Child ADHD Assessment

Our child ADHD assessments involve the following stages:

STAGE 1: Clinical intake interview:IMG_3659

This is an interview conducted by telephone by one of our intake officers who will go through your child’s background, previously conducted assessments, and current symptoms of concern.  This way we will be able to determine what type of assessment will be required and whether an ADHD assessment is appropriate. At this stage, we will send you and your child's teacher out standardised questionnaires.

Please note: To make an appointment for an assessment, a deposit of $200. This deposit pays for the standardised questionnaires (purchased on your behalf from MHS), as well as secures a morning set aside with one of our clinicians. We usually set aside a 4 hours slot, which includes up to 3 hours of assessment and a feedback session. It is however noted that for younger children or more severe issues we may need to break up this session.

STAGE 2: Standardised questionnaires:ADHD assessment

Prior to attending the initial ADHD consultation with one of our clinicians, we request that you complete 3 questionnaires (1) Background history questionnaire (2) ADHD symptomatology questionnaire (including 12 other developmental disorders as well as social, emotional, behavioural and academic concerns), (3) an executive functioning questionnaire. To confirm a diagnosis of ADHD, it must be shown that these symptoms occur in two or more areas in their life, hence another rating is required in another setting. We therefore usually ask one of your child’s teachers to also complete some of these questionnaires (2 & 3) in order to understand how your child is affected in the main environment where they are expected to sit and focus for extended periods. Often ratings can differ between home and school and it is important to understand what issues present in different settings in order to guide appropriate recommendations for intervention. For parents who are reluctant to involve the school we ask for another person to also rate.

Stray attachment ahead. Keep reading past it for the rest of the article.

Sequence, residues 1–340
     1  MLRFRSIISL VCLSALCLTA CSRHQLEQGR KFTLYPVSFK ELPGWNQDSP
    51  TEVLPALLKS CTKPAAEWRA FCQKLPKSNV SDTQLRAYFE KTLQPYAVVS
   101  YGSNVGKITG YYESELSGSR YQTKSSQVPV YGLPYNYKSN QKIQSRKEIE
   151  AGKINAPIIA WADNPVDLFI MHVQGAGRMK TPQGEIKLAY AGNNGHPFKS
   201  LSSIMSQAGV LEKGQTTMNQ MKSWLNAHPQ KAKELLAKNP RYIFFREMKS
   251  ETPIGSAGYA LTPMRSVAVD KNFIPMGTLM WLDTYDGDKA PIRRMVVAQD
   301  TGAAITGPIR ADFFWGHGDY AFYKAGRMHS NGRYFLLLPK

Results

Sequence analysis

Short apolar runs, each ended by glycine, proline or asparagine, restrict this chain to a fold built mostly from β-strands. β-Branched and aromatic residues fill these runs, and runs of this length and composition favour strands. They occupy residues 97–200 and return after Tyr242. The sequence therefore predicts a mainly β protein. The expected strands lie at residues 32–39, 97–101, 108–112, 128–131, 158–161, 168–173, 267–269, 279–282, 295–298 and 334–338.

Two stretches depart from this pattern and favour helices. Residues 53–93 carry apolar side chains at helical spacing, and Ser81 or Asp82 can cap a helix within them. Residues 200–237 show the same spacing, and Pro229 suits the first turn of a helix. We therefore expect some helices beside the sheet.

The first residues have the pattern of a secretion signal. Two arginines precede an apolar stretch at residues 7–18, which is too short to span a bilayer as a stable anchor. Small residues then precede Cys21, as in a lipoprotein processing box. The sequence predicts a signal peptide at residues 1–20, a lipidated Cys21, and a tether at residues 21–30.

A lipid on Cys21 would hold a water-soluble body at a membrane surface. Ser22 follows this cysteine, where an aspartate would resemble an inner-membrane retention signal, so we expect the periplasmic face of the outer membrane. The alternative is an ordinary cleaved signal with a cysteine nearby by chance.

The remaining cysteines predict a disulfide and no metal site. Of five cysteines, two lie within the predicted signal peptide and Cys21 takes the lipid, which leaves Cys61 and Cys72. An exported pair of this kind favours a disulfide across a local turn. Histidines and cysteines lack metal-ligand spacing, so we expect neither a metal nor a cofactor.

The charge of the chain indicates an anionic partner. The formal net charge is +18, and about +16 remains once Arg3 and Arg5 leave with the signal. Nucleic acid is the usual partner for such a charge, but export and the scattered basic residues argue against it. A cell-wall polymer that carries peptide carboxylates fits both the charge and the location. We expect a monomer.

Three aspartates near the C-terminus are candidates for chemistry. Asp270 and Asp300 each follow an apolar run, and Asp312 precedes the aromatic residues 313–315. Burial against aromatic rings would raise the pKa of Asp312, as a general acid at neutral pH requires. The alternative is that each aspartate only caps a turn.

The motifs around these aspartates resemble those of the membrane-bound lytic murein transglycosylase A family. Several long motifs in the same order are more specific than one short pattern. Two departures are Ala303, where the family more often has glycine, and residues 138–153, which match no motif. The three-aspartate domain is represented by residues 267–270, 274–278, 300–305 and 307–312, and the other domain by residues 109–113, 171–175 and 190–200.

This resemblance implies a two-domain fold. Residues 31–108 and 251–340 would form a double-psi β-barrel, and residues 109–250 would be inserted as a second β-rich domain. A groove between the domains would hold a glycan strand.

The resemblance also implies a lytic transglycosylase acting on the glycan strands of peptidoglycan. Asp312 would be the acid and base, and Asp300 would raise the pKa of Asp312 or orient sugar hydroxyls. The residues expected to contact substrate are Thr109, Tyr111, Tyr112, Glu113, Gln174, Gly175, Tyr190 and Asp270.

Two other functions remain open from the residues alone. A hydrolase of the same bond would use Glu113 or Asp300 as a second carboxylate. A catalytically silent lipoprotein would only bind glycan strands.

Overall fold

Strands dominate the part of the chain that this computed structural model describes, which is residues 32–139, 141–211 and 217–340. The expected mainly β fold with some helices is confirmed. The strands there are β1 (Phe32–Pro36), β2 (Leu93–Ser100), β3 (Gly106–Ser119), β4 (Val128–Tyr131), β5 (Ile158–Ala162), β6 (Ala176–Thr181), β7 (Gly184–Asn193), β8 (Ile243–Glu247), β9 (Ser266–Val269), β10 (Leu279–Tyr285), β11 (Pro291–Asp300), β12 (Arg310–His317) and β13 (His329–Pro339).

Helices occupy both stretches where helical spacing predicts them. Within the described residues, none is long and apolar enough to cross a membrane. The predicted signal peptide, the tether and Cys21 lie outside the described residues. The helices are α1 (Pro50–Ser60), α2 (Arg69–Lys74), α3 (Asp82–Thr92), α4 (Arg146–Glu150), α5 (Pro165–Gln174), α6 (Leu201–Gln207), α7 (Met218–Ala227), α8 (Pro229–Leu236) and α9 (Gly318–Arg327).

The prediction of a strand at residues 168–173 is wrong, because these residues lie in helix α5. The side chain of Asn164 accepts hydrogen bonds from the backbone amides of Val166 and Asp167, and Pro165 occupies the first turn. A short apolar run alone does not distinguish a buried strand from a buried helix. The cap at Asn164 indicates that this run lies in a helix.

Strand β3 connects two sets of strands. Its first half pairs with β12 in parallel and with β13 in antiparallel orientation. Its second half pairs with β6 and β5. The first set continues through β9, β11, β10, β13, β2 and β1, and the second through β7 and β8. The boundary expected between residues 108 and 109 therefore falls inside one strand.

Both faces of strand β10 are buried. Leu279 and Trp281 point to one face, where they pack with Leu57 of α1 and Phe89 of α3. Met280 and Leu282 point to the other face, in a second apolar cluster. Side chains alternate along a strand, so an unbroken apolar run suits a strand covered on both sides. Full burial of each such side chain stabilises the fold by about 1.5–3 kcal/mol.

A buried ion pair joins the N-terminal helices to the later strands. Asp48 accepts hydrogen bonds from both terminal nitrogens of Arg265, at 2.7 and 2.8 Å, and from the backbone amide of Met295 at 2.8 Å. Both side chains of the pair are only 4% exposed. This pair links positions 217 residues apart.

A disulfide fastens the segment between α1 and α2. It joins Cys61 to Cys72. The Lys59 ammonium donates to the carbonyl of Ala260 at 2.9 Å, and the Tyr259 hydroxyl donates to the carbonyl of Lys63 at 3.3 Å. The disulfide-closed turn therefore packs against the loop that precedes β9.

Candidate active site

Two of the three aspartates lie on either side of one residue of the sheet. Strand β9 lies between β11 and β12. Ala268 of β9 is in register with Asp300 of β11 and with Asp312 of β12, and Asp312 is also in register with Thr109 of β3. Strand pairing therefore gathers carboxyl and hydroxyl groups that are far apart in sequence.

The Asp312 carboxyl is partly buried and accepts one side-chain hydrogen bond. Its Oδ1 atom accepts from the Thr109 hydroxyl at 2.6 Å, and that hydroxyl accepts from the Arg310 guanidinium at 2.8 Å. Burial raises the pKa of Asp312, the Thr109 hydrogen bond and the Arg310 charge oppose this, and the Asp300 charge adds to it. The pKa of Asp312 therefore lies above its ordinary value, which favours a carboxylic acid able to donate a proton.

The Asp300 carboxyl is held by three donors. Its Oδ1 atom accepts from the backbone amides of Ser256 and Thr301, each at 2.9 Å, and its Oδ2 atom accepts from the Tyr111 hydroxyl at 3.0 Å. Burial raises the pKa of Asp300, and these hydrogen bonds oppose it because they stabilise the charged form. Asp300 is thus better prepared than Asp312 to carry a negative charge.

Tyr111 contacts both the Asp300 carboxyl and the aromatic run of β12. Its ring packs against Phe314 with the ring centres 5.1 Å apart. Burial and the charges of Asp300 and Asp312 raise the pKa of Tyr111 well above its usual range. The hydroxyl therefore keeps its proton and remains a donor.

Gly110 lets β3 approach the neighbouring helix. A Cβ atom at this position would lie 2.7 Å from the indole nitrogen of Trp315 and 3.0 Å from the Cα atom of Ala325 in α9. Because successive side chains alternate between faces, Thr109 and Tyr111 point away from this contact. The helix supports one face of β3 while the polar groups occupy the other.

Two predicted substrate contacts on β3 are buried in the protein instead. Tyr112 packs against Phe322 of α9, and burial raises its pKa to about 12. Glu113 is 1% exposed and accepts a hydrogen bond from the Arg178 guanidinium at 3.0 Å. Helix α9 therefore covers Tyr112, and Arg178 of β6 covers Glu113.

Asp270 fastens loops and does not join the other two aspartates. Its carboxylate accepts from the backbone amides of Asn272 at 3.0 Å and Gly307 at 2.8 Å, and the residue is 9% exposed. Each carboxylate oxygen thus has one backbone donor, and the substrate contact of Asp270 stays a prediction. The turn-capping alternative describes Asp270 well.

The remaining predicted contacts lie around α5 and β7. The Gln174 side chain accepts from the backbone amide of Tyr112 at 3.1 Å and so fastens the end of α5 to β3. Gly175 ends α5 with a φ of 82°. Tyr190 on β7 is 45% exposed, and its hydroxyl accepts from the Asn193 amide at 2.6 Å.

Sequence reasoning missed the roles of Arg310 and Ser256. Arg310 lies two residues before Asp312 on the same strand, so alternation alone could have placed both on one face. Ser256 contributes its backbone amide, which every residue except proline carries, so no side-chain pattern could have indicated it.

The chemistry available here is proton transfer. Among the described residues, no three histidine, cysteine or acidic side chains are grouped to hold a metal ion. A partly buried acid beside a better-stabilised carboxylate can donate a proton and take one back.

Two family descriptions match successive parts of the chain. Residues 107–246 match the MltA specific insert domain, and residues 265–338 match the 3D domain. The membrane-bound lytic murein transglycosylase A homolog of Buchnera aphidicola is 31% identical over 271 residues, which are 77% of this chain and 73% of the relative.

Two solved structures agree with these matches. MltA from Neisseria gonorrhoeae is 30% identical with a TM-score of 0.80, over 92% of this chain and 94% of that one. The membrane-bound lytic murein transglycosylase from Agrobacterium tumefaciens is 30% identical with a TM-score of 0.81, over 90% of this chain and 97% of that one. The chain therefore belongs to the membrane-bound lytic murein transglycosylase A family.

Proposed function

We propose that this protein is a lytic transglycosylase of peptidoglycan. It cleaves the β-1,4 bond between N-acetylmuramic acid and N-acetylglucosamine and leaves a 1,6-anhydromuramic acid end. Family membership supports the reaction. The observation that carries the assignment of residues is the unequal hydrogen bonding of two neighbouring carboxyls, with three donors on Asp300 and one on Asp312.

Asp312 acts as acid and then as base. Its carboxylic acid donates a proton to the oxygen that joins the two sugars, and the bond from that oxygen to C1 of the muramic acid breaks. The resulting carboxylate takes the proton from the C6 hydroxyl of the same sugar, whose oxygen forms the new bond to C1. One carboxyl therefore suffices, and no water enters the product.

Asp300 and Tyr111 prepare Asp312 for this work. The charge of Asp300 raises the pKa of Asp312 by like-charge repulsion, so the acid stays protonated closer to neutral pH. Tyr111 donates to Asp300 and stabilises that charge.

STAGE 3: Parent initial consultation:

Prior to us actually formally meeting your child we require an initial consultation with one or both parents in order for the clinician to review your background questionnaires and discuss current concerns with the family. At this stage, depending on the background, the actual tests to be conducted will be planned. Other issues at this stage may also need to be ruled out, and it may be recommended that you also concurrently seek out other assessments (visual, auditory, sleep) if it is felt that issues are present. Please note: We ask for you not to bring your child to this initial consultation so that you can speak freely with us, without risking any self-esteem issues with your child. It is not necessarily recommended to let children know about a potential ADHD diagnosis unless they have raised this themselves. For child who has specifically requested an ADHD assessment (often seen in teenage children), they can attend the initial consultation, however we ask for you to request to speak to us alone about any information you do not think your child will be able to cope well with emotionally (ie. negative comments about mood or behaviour).

STAGE 4: Formal neuropsychological/cognitive assessment with your child: